1) Sugar: A Global History – Andrew F. Smith
Reaktion Books | 2015 | MOBI
It’s no surprise that sugar has been on our minds for millennia. First cultivated in New Guinea around 8,000 B.C.E., this addictive sweetener has since come to dominate our appetites—whether in candy, desserts, soft drinks, or even pasta sauces—for better and for worse. In this book, Andrew F. Smith offers a fascinating history of this simultaneously beloved and reviled ingredient, holding its incredible value as a global commodity up against its darker legacies of slavery and widespread obesity.
As Smith demonstrates, sugar’s past is chockfull of determined adventurers: relentless sugar barons and plantation owners who worked alongside plant breeders, food processors, distributors, and politicians to build a business based on our cravings. Exploring both the sugarcane and sugar beet industries, he tells story after story of those who have made fortunes and those who have met demise all because of sugar’s simple but profound hold on our palates. Delightful and surprisingly action-packed, this book offers a layered and definitive tale of sugar and the many people who have been caught in its spell—from barons to slaves, from chefs to the countless among us born with that insatiable devil, the sweet tooth.
2) Bread: A Global History – William Rubel
Reaktion Books | 2011 | EPUB
It is difficult to think of a food more basic, more essential, and more universal than bread. Common to the diets of both the rich and the poor, bread is one of our oldest foods. Loaves and rolls have been found in ancient Egyptian tombs, and wheat has been found in pits where human settlements flourished 8,000 years ago. Many anthropologists argue that the ability to sow and reap cereals, the grains necessary for making bread, could be one of the main reasons why man settled in communities, and even today the concept of “breaking bread together” is a lasting symbol of the uniting power of a meal.
Bread is an innovative mix of traditional history, cultural history, travelogue, and cookbook. William Rubel begins with the amazing invention of bread approximately 20,000 years ago in the Fertile Crescent and ends by speculating on the ways in which cultural forces and advances in biotechnology may influence the development of bread in the twenty-first century. Rubel shows how simple choices, may be responsible for the widespread preference for wheat over other bread grains and for the millennia-old association of elite dining with white bread. He even provides an analysis of the different components of bread, such as crust and crumb, so that readers may better understand the breads they buy. With many recipes integrated with the text and a glossary covering one hundred breads, Bread goes well beyond the simple choice of white or wheat.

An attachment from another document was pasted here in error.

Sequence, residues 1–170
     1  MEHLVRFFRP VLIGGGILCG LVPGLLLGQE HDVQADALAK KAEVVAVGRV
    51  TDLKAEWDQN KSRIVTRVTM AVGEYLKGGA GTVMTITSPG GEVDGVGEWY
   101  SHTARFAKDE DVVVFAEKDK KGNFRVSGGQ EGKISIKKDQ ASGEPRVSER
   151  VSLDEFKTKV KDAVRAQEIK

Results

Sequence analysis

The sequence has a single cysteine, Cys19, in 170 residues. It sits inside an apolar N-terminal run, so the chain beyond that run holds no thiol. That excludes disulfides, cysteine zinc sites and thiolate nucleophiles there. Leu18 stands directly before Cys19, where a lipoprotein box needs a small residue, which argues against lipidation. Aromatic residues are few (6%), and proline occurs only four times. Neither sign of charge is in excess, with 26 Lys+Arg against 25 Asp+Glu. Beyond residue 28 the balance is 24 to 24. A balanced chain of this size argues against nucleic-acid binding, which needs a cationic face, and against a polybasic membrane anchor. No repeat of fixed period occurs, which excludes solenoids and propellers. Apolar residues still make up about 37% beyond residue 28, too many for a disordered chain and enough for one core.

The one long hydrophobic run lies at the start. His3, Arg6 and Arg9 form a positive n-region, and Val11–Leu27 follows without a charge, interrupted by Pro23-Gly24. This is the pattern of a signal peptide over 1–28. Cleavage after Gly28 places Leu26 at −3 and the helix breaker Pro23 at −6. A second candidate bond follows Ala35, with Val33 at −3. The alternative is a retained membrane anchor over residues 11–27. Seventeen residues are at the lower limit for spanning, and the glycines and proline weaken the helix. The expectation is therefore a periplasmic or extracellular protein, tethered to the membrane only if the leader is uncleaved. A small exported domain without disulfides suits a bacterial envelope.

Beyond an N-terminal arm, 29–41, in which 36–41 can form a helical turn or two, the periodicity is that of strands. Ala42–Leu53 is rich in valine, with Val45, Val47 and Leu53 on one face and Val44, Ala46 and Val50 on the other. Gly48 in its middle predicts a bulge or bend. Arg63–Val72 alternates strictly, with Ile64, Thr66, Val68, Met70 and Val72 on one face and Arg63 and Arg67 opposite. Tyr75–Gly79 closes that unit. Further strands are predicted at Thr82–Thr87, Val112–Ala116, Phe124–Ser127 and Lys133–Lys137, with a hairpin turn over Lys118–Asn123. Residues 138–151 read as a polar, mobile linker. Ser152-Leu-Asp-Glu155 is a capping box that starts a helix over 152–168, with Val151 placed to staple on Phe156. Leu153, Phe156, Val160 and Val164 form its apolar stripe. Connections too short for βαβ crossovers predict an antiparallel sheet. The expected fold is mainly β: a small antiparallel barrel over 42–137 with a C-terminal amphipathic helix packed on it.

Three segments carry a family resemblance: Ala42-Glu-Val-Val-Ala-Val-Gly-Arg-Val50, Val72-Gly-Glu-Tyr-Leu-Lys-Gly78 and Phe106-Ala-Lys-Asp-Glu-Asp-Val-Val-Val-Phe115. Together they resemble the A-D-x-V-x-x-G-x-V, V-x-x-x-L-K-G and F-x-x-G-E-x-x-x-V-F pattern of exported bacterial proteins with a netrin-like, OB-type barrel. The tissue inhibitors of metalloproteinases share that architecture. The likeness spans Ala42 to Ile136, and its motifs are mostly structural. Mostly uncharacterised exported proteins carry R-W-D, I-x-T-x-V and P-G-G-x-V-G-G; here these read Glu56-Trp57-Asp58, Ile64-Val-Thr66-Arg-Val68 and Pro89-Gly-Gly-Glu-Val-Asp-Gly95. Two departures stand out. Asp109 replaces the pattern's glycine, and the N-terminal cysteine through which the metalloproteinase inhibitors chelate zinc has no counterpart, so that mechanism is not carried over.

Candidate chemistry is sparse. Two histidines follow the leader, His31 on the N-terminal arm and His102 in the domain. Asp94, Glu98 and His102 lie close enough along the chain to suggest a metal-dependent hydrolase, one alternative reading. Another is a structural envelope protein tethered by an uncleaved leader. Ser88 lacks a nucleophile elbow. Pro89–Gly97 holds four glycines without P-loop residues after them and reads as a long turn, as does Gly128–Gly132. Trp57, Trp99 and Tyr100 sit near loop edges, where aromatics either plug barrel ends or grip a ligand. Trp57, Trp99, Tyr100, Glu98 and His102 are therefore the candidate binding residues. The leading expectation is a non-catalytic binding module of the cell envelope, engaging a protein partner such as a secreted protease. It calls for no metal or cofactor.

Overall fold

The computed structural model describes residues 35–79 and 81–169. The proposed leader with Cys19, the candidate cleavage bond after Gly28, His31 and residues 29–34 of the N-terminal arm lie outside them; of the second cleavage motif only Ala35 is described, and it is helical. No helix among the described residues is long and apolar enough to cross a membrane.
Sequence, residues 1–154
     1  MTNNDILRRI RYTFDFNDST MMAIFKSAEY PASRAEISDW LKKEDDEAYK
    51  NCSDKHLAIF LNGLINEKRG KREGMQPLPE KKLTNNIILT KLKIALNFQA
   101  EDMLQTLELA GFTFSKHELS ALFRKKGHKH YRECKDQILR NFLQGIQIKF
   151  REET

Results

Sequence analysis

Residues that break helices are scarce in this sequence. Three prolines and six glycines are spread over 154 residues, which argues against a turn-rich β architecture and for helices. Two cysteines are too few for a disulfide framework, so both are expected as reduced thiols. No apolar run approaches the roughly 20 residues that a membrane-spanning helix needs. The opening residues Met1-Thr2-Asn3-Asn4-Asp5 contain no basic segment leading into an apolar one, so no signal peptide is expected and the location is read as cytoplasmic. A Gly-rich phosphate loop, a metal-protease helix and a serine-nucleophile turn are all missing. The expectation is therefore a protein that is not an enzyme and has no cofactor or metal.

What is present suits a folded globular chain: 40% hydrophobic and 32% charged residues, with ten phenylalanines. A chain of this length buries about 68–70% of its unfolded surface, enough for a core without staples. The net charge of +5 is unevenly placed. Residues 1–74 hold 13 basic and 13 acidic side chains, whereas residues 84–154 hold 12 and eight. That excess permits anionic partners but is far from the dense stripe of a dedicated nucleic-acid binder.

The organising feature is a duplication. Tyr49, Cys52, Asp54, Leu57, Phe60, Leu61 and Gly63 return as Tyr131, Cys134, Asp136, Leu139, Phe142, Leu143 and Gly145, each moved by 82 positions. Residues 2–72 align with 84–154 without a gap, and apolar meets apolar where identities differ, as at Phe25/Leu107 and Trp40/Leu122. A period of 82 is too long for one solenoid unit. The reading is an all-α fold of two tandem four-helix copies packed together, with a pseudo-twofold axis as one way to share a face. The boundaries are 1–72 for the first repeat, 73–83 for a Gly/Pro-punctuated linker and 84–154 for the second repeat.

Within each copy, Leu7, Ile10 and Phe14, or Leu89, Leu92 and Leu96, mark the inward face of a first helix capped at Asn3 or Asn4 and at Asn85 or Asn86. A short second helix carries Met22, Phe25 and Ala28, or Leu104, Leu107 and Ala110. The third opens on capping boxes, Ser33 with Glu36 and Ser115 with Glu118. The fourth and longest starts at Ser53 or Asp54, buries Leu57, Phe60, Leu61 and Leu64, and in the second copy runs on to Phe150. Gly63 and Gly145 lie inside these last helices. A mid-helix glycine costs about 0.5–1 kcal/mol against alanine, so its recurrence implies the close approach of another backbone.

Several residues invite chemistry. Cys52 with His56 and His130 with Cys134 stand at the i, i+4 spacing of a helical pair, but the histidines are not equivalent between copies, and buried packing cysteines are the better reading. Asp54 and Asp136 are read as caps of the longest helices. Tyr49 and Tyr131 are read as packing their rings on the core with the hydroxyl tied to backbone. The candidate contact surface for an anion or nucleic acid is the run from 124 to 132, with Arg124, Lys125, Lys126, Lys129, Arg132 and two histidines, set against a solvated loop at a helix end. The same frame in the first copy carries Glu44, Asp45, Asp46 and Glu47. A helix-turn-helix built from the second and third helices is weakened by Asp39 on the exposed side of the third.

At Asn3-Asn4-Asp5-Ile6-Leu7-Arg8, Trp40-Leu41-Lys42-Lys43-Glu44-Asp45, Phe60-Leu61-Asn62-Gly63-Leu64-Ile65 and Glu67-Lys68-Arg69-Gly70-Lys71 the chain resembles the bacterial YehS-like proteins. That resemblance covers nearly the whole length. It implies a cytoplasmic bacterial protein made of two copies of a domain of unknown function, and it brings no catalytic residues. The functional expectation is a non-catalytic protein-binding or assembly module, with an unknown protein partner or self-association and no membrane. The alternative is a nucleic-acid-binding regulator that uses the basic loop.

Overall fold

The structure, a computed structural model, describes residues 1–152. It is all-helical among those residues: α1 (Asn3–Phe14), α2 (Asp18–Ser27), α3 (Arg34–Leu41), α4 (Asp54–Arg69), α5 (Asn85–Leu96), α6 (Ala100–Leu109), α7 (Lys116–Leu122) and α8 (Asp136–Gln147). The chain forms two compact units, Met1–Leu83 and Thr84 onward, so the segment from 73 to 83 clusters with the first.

Here, general readers will find an approachable introduction to the history of bread and to the many forms that bread takes throughout the world, and bread bakers will discover a history of the craft and new ways of thinking that will inspire experimentation.
3) Chocolate: A Global History – Sarah Moss, Alexander Badenoch
Reaktion Books | 2009 | EPUB
Chocolate layer cake. Fudge brownies. Chocolate chip cookies. Boxes of chocolate truffles. Cups of cocoa. Hot fudge sundaes. Chocolate is synonymous with our cultural sweet tooth, our restaurant dessert menus, and our idea of indulgence. Chocolate is adored around the world and has been since the Spanish first encountered cocoa beans in South America in the sixteenth century. It is seen as magical, addictive, and powerful beyond anything that can be explained by its ingredients, and in Chocolate Sarah Moss and Alec Badenoch explore the origins and growth of this almost universal obsession.